#7 – West Virginia University (15,027)
Total Enrollment (2013): 29,466
Non-Resident Student Population (2013): 51%

WVU
Photo by Jeremy T. Hetzel

Out-of-state students at West Virginia University outnumber students who hail from the state. Though there’s no available data on which specific states non-resident students at West Virginia University come from, all of the U.S. states (and 113 foreign countries) are represented on the WVU campus.

#6 – University of Wisconsin-Madison (18,223)
Total Enrollment (2013): 42,463
Non-Resident Student Population (2013): 43%

University of Wisconsin Madison
Photo by Teemu008

The University of Wisconsin system enrolls over 180,000 students, but its main campus in Madison sees a high number of non-resident students. The majority of these students come from neighboring states like Minnesota (which represents 15,000 non-resident students across all UW campuses), Michigan, and Illinois.

(Note: University of Wisconsin’s Factbook indicates how many students out of the entire university system are from each state, instead of specifically by campus.)

#5 – University of Minnesota, Twin Cities (18,689)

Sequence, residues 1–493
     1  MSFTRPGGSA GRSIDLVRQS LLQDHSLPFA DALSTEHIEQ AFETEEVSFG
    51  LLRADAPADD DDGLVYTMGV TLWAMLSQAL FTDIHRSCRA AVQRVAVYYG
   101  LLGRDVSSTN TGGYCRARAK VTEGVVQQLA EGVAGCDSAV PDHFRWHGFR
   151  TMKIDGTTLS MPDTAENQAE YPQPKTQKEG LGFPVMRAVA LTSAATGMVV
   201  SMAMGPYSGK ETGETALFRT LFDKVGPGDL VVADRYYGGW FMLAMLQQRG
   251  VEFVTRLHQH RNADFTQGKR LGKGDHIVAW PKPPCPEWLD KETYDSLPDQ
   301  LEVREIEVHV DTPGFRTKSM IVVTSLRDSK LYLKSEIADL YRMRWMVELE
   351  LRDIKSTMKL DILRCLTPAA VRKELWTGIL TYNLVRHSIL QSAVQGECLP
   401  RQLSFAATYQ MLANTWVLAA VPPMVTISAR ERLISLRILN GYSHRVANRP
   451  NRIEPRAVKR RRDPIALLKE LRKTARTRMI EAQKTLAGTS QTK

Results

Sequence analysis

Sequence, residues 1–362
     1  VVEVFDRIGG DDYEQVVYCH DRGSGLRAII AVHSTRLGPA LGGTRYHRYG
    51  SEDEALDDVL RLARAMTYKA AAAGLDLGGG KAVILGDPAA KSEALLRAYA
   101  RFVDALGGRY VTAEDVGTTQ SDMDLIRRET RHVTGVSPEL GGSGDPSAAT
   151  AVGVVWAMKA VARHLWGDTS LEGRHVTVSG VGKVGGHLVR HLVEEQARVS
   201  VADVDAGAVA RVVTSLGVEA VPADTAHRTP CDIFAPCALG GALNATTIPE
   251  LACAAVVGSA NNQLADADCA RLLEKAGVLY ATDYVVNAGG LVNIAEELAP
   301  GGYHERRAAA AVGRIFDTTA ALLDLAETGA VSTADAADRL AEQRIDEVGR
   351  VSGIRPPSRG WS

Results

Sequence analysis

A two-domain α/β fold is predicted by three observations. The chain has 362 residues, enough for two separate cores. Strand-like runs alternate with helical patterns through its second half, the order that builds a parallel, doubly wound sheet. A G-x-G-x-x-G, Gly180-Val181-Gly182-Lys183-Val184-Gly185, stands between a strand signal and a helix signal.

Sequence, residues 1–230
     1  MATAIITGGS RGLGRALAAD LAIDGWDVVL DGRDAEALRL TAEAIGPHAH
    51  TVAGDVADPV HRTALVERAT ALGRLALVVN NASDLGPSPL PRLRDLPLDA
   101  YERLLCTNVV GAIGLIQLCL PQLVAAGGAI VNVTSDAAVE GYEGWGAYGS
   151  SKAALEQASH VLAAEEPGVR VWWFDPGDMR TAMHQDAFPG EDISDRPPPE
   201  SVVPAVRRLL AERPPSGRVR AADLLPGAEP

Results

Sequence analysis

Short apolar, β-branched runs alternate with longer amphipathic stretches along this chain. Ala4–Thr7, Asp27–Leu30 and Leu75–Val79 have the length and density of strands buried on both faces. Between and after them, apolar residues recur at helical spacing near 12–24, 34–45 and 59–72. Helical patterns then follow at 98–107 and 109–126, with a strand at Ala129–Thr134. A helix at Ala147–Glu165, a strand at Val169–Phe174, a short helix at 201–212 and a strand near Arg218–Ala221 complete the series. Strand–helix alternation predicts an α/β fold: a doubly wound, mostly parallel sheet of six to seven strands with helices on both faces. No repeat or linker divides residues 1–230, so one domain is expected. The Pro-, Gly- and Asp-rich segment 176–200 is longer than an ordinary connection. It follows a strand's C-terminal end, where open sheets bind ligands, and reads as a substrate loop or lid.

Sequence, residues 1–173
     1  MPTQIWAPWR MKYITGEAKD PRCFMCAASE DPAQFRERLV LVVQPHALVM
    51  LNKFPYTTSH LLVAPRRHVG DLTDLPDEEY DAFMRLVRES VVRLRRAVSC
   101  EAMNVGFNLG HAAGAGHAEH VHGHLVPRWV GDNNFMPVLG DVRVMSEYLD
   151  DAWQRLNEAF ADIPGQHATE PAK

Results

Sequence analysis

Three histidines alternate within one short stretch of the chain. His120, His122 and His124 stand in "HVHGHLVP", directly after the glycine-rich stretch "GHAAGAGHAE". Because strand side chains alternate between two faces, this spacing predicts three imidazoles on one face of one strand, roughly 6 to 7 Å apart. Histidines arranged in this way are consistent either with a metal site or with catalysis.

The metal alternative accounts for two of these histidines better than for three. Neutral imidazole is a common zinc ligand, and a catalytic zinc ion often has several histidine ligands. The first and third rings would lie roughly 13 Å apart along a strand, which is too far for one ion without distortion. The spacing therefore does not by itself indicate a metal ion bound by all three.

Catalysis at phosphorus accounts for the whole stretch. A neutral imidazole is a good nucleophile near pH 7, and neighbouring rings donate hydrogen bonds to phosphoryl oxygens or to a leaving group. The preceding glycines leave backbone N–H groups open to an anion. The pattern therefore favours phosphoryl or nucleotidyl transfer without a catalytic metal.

Total Enrollment (2012): 44,553
Non-Resident Student Population (2012): 42%

Minnesota Twin Cities
Photo by A Syn

Outside of the Twin City area, there were nearly as many students from Wisconsin (5,353) as there were from inside the state (7,300). Wisconsin’s non-resident student numbers combined with those from North Dakota and South Dakota totaled up to more than 6,400 students. Other states accounted for about 6,000 out-of-state students, but Minnesota saw a major boost to its non-resident figures from international students, accounting for another 6,000+ students.

(Note: University of Minnesota’s Factbook only lists the amount of students from Wisconsin, North Dakota, and South Dakota and categorizes everyone else under “Other US.”)

#4 – Pennsylvania State University (19,260)
Total Enrollment (2013): 46,184
Non-Resident Student Population (2013): 41.7%

Pennsylvania State University
Photo by Padraic

Although Penn State is a huge university with campuses all across the state (as well as a worldwide program), we focused on the main campus at University Park. There’s no available data on which U.S. states non-residents students hail from, but having an online World Campus draws lots of international students. In fact, there were more than 6,000 students from foreign countries enrolled in the fall of 2013.